Regulation, Not Crypto, Is Broken
The US Securities and Exchange Commission’s lawsuits against Binance and Coinbase, the world’s two largest cryptocurrency exchanges, demonstrate a fundamental misunderstanding of this new form of money. Enacting meaningful regulations requires a fundamental shift in perspective and the creation of a central bank digital currency.
NEW YORK – When the Venetian merchant Marco Polo traveled the Silk Road in the thirteenth century, he encountered not only unfamiliar peoples, but also new (to him) forms of finance. In China, he was shocked to learn that Kublai Khan had introduced paper money. It was lighter, easier to transfer and store, and more valuable than the metal coins packed in his purse. After returning to Venice, Marco Polo taught his fellow merchants how to use the Khan’s innovation. Even though some rejected the flat, foldable currency, arguing that it was no gold and never would be, paper money would change the world.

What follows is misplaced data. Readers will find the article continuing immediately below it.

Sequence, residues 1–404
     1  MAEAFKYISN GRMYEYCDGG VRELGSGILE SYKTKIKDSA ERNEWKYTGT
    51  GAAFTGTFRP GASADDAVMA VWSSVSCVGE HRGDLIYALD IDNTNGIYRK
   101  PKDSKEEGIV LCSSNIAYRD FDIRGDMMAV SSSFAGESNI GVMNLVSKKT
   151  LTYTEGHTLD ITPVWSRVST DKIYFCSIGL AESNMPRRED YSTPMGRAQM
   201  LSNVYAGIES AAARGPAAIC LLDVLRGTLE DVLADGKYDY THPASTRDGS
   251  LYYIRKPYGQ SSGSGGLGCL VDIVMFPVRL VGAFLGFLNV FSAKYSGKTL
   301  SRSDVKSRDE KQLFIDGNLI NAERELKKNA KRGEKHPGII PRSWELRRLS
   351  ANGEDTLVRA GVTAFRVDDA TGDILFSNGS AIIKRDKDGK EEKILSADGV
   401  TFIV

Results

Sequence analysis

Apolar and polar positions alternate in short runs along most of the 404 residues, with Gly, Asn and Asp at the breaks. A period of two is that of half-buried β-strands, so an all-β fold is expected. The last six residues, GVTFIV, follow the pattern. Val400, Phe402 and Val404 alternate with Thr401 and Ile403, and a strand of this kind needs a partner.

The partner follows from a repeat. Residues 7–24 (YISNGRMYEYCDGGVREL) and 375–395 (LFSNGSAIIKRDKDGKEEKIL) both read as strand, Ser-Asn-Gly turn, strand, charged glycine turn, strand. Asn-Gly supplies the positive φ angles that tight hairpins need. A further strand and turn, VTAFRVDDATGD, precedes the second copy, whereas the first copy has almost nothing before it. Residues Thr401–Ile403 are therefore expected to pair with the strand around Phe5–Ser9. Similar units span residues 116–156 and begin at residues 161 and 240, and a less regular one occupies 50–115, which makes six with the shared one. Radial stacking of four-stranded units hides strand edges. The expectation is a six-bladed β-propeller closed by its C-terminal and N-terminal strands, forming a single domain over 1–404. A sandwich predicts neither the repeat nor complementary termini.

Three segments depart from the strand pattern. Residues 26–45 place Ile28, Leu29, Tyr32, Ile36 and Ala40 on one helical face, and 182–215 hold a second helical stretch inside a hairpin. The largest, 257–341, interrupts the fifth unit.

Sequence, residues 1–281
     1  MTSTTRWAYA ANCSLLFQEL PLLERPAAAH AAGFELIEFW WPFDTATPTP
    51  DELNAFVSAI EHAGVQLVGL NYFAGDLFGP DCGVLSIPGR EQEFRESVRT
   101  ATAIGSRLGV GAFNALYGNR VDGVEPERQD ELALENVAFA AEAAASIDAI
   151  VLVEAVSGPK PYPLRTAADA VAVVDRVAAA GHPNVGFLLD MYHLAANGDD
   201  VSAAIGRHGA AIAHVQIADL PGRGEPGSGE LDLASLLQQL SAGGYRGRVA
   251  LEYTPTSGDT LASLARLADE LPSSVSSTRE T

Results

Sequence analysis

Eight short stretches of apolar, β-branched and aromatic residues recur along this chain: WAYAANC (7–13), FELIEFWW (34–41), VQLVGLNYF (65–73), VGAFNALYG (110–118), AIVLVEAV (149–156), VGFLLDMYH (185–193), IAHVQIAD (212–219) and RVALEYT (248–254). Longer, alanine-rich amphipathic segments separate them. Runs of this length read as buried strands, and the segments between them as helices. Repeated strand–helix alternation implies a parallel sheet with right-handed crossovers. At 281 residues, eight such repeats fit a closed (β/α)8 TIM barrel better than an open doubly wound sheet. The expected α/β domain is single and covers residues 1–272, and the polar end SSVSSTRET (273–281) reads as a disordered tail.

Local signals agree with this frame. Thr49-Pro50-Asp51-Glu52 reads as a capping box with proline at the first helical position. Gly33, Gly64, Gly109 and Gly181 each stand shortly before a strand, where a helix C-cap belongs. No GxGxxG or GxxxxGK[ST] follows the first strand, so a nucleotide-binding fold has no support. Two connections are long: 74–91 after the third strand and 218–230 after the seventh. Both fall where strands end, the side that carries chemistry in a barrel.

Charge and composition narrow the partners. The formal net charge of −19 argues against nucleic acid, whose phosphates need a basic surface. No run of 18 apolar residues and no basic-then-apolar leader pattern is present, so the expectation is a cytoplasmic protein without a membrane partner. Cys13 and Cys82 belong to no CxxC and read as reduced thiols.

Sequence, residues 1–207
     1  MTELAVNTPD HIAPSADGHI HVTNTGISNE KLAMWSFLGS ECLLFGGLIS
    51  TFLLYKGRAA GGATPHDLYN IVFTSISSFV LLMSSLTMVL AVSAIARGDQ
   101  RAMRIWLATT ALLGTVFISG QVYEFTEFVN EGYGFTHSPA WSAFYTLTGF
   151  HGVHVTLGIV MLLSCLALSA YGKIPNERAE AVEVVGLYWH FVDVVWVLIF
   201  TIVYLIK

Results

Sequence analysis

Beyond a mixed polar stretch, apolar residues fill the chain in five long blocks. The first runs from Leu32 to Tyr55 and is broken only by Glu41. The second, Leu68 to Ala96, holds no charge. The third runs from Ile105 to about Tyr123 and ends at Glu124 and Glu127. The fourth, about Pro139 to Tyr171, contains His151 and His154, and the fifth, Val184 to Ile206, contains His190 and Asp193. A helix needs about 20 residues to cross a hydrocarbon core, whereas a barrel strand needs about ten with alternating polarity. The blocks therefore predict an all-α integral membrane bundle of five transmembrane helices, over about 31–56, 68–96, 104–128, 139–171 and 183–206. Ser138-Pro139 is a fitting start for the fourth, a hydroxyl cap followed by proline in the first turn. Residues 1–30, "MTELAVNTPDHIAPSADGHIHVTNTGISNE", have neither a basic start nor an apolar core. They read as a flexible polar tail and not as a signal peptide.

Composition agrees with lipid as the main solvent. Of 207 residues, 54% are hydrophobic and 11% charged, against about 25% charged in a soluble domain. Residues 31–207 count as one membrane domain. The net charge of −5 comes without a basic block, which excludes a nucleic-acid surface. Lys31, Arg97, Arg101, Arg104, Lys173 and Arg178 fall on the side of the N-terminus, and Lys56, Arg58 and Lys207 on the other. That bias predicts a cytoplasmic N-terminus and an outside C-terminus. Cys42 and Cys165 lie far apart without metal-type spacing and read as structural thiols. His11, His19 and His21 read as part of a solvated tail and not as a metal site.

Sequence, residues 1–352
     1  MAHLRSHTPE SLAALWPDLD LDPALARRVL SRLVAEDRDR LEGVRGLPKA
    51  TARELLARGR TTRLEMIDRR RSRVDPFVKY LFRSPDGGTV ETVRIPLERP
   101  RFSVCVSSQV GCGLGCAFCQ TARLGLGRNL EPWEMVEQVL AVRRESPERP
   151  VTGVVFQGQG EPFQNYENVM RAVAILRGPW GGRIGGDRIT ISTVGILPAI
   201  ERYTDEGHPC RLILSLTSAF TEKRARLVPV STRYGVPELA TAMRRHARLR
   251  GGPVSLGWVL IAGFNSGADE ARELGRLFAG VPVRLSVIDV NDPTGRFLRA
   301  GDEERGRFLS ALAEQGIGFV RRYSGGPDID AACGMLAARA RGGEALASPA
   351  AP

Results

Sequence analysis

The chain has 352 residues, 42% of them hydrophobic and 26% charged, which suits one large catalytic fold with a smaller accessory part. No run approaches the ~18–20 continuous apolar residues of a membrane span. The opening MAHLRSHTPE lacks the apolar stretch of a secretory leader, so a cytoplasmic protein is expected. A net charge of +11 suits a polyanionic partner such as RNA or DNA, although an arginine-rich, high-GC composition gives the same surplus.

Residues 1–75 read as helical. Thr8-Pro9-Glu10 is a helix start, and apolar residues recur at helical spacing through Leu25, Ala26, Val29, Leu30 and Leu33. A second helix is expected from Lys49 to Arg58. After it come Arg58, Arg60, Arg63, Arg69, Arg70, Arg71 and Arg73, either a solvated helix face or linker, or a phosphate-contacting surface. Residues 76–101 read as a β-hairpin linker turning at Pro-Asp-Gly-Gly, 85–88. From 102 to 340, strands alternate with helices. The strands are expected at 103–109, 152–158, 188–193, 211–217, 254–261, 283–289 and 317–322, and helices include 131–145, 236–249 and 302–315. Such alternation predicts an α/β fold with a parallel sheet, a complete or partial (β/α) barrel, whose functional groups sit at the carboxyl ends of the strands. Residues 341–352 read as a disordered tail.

Like those stubborn thirteenth-century merchants, many today refuse to accept the newest form of money: cryptocurrency. The United States Securities and Exchange Commission (SEC) recently filed lawsuits against Binance and Coinbase, the world’s two largest cryptocurrency exchanges, accusing them of operating as unregistered securities exchanges. For years, Coinbase, a publicly traded company with a large US customer base, has been asking American regulators for reasonable rules, to no avail.
Instead, government agencies have been confused about how to define crypto, often providing conflicting views. For the SEC, crypto is an asset that behaves like a security, while for the Commodity Futures Trading Commission (CFTC), it is a commodity. The Internal Revenue Service (IRS), meanwhile, treats it as property. Like the fable of the blind men and the elephant, each sees only one aspect and believes it to be the whole. This apparent lack of understanding precludes effective regulation.
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